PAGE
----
It turned out that Mrs. Astor was played by Quentin Crisp. Estee Lauder's stand-in was her son, Ron. Patty Hearst was often played by John Waters. Nan Kempner's stand-in was the bouncer at The Spike. And it went on and on.
And they all had me figured out.
“Honey, one look at your clinging dress, and we all knew that Pat Buckley never had a cock quite that big,” “Patty” noted
So where were the real socialites? “Estee” told me the real scoop. “They're at home lounging around in sweat pants, drinking Diet Coke, and watching 'Jeopardy.'”
Before long, “Nan,” “Brooke,” “Patty,” “Estee,” and I became the life of a different social scene. When the parties were over, we became the blue-haired belles of the East Village, at the front table at The Pyramid Club. Page Six had a field day and Women's Wear Daily was shocked.
One night, “Nan,” “Brooke,” “Estee,” “Patty,” and I were seen strolling through the Meat Packing District in Versace, Giorgio Armani, Givenchy, and Donna Karan. We were at home – trannies among trannies.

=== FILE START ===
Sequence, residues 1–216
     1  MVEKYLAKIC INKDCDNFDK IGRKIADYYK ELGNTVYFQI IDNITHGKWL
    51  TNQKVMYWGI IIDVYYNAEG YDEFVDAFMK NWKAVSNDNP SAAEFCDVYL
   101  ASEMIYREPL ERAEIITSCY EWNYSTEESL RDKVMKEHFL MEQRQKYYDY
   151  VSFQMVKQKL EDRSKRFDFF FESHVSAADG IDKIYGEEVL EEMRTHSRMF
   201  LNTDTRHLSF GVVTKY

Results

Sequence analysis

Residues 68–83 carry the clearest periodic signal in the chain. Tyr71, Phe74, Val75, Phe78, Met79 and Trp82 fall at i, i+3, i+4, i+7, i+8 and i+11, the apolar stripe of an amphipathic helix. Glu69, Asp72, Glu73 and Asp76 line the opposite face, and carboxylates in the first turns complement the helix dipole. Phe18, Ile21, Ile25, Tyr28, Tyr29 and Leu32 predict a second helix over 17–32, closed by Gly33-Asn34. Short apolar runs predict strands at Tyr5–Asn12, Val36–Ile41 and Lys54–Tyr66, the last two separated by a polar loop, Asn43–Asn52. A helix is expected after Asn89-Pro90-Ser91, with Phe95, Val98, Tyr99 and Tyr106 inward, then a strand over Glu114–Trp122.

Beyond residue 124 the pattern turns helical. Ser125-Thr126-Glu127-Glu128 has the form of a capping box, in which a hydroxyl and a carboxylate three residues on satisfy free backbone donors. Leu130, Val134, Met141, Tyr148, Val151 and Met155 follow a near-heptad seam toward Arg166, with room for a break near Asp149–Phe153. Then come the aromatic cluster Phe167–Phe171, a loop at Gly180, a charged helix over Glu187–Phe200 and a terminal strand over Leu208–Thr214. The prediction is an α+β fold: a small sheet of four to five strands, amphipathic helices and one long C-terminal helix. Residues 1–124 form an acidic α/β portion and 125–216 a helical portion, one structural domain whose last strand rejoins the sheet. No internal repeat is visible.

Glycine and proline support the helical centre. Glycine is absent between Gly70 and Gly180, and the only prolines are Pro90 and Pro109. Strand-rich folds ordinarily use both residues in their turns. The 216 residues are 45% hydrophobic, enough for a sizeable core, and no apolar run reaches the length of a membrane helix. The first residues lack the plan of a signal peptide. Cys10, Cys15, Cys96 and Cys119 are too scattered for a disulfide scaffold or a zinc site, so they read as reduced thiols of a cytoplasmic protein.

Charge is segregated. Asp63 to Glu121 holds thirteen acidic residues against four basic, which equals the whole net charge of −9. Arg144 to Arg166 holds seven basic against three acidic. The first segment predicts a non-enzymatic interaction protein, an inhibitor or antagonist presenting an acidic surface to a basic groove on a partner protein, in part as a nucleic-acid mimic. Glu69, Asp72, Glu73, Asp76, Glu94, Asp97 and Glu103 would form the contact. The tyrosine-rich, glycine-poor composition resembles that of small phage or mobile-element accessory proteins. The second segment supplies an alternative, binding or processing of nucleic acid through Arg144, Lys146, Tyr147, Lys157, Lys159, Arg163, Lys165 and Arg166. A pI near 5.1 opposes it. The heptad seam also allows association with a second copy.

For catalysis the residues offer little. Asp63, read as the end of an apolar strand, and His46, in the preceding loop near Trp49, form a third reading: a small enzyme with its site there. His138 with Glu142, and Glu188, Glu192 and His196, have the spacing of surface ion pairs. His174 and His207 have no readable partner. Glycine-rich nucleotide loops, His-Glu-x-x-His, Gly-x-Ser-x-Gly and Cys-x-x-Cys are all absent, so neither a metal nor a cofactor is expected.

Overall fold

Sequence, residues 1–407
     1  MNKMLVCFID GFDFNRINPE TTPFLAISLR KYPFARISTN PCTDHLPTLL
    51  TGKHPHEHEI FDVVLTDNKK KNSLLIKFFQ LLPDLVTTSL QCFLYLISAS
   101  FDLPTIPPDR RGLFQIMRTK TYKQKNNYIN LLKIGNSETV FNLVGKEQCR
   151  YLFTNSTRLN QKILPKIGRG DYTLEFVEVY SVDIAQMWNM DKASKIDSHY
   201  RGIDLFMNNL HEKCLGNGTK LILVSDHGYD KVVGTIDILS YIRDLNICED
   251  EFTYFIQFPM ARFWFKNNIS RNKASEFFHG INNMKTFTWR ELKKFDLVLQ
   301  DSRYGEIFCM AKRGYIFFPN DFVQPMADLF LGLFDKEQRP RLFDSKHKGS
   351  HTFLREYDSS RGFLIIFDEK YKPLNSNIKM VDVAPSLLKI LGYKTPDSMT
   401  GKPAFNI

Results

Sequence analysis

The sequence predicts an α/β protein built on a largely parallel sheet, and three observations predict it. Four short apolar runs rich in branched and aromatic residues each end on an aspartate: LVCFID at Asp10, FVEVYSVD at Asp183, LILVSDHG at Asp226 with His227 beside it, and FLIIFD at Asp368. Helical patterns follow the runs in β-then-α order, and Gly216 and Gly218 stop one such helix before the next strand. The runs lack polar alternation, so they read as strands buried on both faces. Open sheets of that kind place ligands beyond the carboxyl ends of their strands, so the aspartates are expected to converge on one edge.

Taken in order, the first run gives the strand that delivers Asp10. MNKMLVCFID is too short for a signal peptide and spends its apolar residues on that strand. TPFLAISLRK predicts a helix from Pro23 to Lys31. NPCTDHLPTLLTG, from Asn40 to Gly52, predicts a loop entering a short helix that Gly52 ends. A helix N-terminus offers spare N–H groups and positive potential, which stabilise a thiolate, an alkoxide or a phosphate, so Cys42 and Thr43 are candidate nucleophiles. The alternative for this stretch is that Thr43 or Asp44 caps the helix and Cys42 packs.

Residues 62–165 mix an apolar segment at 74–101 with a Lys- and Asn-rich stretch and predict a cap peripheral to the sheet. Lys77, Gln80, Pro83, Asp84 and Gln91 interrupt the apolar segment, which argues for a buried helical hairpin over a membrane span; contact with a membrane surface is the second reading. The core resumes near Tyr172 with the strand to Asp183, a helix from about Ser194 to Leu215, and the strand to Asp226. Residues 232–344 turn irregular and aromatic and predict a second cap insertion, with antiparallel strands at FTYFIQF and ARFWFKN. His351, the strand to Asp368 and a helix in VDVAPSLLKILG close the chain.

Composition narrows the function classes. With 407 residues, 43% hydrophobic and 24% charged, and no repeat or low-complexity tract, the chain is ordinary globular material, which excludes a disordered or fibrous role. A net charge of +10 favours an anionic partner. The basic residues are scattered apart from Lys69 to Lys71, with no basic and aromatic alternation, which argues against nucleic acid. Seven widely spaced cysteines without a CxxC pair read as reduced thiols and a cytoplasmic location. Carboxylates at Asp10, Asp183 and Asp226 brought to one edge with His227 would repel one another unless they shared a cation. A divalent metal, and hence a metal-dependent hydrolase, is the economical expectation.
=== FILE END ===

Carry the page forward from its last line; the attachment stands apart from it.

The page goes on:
Eventually, Mrs. Buckley herself called me. “You must stop. My husband is getting suspicious.”
Perhaps that was what led up to that one horrible night. I was table-hopping at one more charity, primly smiling for the cameras, when I felt a clammy cold hand on my bony shoulder and another reaching up my little black Donna Karan dress. I turned around, and there he was – MY HUSBAND.
“Pat, my dahling,” he sniffled. “You look absolutely smashing.”
“Well, I feel smashing-like smashing you!” I said.
“You certainly are feisty tonight. I love it when you are feisty.”
Bill grabbed my buttocks. He reared back his head like an old work horse, and displayed his vast repulsive nostrils. Bill snorted, “Kiss me, my fool!” His head came toward me like some 1950s black and white movie space monster, nostrils wide open and his tongue sticking straight out of his mouth.
And I stomped his foot with one of his wife's red Ferragamo evening pumps.
Suddenly, I awoke in my rooms at the Belvedere. Was it all a nightmare? I saw the pair of red high heeled sling back open toed sandals on the floor. And then I saw the note on the night stand that read, “Pat, you never looked lovelier than you did last night. Love from your little snookums, Bill.”